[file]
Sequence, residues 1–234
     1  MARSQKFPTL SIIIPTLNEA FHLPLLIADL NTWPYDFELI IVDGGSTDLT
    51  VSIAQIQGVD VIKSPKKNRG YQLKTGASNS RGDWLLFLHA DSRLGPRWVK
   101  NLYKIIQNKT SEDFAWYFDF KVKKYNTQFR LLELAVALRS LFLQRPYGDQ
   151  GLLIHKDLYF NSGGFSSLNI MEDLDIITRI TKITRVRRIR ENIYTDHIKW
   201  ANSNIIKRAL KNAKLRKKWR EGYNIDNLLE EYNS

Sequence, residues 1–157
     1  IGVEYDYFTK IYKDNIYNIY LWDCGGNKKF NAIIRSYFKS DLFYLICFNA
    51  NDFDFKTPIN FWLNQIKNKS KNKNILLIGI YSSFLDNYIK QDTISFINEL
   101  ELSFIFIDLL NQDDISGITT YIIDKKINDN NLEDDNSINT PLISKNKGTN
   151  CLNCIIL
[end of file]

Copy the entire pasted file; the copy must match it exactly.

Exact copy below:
Sequence, residues 1–234
     1  MARSQKFPTL SIIIPTLNEA FHLPLLIADL NTWPYDFELI IVDGGSTDLT
    51  VSIAQIQGVD VIKSPKKNRG YQLKTGASNS RGDWLLFLHA DSRLGPRWVK
   101  NLYKIIQNKT SEDFAWYFDF KVKKYNTQFR LLELAVALRS LFLQRPYGDQ
   151  GLLIHKDLYF NSGGFSSLNI MEDLDIITRI TKITRVRRIR ENIYTDHIKW
   201  ANSNIIKRAL KNAKLRKKWR EGYNIDNLLE EYNS

Sequence, residues 1–157
     1  IGVEYDYFTK IYKDNIYNIY LWDCGGNKKF NAIIRSYFKS DLFYLICFNA
    51  NDFDFKTPIN FWLNQIKNKS KNKNILLIGI YSSFLDNYIK QDTISFINEL
   101  ELSFIFIDLL NQDDISGITT YIIDKKINDN NLEDDNSINT PLISKNKGTN
   151  CLNCIIL